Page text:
By Maria Popova (brainpickings.org)
In the mid-1960s, a rebellious twenty-something sculptor named Rachel Brown became infatuated with her RCA thesis supervisor — the great Irish novelist and philosopher Iris Murdoch (July 15, 1919–February 8, 1999). An intense emotional relationship developed between the two women, but Murdoch considered it a friendship while Brown yearned for more and grew increasingly forlorn. She eventually married and became Rachel Fenner, but her depression — perhaps predictably — only deepened.
In the spring of 1967, about to go into therapy seeking relief from her lovesickness, Fenner reached out to Murdoch for solace. In a letter found in Living on Paper: Letters from Iris Murdoch, 1934–1995 (public library) — which also gave us her intensely beautiful love letters — Murdoch offers a brief and brilliant meditation on causality, chance, how love gives meaning to existence, and why every aspect of it, including the difficult and seemingly unbearable, is essential to our human wholeness.
She writes on May 28, 1967:
Causality and chance … are the same things looked at two ways. Of course we are rather mechanical, and psychoanalysis can offer us some useful generalities about ourselves. But everything that is important and valuable and good belongs with the little piece of us which is not mechanical and no one who is not bemused by philosophy or a youthful mood really doubts the existence of this piece.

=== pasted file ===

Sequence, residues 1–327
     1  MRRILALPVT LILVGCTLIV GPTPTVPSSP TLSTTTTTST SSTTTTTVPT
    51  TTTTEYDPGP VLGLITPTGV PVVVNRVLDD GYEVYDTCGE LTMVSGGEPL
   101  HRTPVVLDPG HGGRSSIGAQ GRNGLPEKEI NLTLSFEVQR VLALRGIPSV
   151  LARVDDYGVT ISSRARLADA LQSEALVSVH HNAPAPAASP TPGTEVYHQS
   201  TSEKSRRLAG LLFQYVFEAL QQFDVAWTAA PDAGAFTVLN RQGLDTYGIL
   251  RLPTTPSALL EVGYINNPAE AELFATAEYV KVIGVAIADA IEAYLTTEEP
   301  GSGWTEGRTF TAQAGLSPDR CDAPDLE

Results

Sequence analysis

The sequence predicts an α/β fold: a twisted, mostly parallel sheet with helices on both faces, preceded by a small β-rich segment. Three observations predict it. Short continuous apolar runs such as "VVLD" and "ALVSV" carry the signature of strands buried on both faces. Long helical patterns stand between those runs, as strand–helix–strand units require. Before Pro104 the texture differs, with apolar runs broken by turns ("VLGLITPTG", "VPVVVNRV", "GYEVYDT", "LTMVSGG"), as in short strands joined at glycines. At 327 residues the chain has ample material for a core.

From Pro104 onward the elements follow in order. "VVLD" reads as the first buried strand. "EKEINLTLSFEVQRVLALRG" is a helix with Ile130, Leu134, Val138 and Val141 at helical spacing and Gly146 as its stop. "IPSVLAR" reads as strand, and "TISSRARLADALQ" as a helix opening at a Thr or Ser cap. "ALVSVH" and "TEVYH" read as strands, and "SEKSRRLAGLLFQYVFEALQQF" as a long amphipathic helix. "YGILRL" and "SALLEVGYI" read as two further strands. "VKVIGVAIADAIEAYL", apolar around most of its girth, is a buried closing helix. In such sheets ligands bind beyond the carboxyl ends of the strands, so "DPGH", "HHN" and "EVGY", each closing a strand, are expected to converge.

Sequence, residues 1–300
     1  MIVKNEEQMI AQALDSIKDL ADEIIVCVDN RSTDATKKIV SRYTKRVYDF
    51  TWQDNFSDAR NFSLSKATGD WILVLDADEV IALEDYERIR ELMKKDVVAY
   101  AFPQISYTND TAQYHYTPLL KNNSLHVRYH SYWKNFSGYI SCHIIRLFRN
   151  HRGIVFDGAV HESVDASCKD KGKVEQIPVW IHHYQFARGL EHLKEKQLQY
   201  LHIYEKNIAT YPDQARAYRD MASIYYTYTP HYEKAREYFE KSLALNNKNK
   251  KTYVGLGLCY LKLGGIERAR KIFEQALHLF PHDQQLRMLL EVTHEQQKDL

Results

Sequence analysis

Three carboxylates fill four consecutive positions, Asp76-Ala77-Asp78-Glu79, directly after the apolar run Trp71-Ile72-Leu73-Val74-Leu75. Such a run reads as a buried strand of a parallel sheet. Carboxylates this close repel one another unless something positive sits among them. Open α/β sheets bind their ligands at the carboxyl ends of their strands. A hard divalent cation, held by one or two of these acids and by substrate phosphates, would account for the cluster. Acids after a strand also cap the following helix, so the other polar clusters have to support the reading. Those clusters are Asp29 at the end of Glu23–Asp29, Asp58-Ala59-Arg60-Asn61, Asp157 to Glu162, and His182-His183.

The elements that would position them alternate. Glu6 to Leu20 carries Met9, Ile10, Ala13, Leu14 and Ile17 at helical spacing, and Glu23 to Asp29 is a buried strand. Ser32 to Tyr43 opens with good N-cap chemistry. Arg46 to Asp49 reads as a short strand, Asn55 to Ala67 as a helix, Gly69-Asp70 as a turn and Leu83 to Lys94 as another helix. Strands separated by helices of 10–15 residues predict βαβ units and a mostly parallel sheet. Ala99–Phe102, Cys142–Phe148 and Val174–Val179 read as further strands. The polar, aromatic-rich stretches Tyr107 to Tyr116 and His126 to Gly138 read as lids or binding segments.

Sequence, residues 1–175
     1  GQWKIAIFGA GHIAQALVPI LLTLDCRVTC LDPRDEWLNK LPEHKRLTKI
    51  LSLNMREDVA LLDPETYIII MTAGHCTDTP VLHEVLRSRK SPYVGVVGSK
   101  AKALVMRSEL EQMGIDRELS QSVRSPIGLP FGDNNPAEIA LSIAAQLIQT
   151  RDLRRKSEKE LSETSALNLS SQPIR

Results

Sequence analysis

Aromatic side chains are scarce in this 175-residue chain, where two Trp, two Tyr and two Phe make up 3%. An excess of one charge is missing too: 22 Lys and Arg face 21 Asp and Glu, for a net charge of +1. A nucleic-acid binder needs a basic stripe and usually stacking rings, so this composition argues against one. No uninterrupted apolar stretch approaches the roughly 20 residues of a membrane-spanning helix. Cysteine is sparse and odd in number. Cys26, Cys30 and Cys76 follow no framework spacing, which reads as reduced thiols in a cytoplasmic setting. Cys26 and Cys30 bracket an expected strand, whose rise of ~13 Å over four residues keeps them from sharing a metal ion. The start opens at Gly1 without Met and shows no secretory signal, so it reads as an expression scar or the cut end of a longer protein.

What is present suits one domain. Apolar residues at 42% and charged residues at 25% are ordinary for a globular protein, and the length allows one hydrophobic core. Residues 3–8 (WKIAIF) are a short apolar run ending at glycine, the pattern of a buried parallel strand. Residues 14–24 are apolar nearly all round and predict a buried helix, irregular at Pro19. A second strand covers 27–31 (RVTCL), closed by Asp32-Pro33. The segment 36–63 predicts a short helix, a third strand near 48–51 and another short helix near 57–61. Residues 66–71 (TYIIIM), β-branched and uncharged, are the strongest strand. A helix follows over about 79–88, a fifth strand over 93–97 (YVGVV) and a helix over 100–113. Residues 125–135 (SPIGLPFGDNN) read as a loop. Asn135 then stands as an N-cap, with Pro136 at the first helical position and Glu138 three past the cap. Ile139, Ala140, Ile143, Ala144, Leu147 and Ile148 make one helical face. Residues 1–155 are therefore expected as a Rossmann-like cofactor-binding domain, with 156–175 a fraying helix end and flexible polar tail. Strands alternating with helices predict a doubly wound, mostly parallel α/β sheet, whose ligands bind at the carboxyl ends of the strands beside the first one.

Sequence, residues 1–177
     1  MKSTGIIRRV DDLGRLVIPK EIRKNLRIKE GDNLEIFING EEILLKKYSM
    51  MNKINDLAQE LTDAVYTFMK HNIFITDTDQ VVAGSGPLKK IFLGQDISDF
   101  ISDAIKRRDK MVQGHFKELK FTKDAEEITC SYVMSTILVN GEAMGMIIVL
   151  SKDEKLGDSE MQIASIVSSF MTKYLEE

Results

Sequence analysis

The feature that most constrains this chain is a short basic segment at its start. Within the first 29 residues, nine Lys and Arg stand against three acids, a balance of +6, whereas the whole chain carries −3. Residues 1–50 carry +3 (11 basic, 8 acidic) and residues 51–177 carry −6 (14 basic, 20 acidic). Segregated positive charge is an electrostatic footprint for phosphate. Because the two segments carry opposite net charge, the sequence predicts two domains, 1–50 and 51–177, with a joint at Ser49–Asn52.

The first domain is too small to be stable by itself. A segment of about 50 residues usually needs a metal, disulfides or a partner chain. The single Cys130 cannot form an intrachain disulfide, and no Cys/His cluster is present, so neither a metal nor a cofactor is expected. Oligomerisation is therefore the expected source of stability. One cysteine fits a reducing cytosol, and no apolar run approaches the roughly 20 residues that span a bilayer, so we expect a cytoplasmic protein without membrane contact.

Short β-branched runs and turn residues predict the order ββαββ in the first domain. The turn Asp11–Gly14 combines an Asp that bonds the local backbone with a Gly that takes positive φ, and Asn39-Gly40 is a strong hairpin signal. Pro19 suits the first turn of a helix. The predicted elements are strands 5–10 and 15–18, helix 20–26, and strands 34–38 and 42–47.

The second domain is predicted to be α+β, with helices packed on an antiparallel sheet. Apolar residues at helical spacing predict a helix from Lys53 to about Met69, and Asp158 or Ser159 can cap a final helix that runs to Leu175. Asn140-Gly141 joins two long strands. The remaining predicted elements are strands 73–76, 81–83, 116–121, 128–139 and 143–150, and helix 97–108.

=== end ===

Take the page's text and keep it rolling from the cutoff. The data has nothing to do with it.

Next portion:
I think the sage who saw us as naturally reaching out towards the good had got something. We know, in the best part of ourselves, to use Platonic language, that great art is good, that work is often good and love often good. And if we have any certainties in the human condition these are they, and much more evident certainties than semi-philosophical stuff about all is flux. Of course much is flux, perhaps most is flux — but there is the other small thing and by this and in this one lives — I think almost involuntarily. (It’s very bad really to believe that certain aspects of love in one’s life are meaningless or worthless.)
In an earlier letter to Fenner, Murdoch had articulated the kernel of the same truth:
Love is better than no love, though it can hurt so much.
Cognizant of the paradox of trying to move the heart through the intellect, Murdoch sends a short note to Fenner the following day, May 29:
Rachel, just a PS to send love. I fear my metaphysical letter won’t have been exactly cheering. One is very chemical really, and if one is depressed, words, such words anyway, may seem pretty empty. Though actually you seem to me to be elated as much as depressed at present. These winds blow to and fro when one is young and when one is an artist.
Fenner went on to become an acclaimed sculptor, painter, and environmental artist.
Living on Paper is a magnificent read in its entirety, brimming with Murdoch’s bewitchingly articulated wisdom on life, literature, and love. Complement this particular portion with philosopher Alain Badiou on how chance and causality conspire in why we fall and stay in love, then revisit Murdoch’s love letters.